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Wednesday, March 10, 2010

Design Patent Infringement

In Richardson v. Stanley Works, Inc., Plaintiff and Defendant both obtained design patents for a device that can be used as a hammer, a crowbar, and a stud-climbing tool. The plaintiff’s invention is illustrated below:

Plaintiff, Richardson’s U.S. Patent D507,167.

The defendant’s patent is illustrated below:

Defendant, Stanley’s U.S. Patent D562,101.

In the opinion issued 9 March 2010 by the Court of Appeals for the Federal Circuit, the Court held that the defendant’s product did not infringe the claims of the plaintiff’s patent because:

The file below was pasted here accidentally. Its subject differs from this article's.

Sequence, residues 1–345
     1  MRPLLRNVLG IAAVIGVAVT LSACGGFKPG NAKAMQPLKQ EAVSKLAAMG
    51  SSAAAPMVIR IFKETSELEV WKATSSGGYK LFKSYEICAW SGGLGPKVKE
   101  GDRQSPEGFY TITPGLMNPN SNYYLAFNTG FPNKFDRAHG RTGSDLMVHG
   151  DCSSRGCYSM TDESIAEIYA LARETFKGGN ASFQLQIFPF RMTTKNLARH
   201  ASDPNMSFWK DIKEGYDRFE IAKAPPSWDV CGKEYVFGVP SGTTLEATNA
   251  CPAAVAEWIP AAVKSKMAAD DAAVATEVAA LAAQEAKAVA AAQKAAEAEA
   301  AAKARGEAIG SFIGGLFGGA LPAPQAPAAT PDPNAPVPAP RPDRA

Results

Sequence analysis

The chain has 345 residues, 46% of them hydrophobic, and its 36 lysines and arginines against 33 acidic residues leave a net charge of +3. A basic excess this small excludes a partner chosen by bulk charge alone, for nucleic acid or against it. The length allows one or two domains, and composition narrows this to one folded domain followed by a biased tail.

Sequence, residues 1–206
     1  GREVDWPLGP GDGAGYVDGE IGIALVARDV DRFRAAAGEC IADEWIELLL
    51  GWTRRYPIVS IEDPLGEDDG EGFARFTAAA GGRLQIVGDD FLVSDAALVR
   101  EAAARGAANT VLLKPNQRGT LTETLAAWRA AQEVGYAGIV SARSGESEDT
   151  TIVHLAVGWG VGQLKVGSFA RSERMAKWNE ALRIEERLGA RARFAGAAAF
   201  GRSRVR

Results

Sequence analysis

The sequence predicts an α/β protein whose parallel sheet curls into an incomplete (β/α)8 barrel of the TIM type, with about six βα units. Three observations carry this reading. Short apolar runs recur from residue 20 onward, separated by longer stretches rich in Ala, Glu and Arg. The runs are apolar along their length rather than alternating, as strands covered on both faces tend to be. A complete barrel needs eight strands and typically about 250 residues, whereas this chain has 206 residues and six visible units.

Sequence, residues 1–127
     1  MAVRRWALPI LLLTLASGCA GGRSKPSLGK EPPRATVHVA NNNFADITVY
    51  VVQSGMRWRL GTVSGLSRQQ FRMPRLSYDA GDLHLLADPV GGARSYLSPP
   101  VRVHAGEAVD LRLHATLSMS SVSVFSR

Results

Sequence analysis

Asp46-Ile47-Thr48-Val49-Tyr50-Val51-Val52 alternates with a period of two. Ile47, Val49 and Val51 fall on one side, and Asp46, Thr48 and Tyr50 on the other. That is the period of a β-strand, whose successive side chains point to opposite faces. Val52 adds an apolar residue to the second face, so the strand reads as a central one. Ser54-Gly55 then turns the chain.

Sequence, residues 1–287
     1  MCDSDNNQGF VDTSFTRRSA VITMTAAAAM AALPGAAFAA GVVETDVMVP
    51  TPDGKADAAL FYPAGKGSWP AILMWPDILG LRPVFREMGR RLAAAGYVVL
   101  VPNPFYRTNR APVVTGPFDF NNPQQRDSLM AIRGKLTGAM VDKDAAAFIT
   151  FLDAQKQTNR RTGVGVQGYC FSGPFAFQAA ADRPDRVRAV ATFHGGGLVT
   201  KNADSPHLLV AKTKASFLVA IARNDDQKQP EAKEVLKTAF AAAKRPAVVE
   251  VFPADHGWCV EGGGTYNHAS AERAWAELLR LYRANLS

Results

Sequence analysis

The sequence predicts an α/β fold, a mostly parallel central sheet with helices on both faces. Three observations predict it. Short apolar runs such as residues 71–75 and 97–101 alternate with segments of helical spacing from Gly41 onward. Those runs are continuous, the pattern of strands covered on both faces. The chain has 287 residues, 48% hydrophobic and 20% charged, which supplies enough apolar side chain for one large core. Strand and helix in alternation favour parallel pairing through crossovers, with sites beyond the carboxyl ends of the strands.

(1) when the design has functional and ornamental aspects, it is entitled to a design patent whose scope is limited to the ornamental aspects alone and does not extend to any functional elements of the claimed article; and

(2) from the perspective of an ordinary observer familiar with the prior art, the overall visual effect of the defendant’s product is significantly different from the claims of the plaintiff’s patent.

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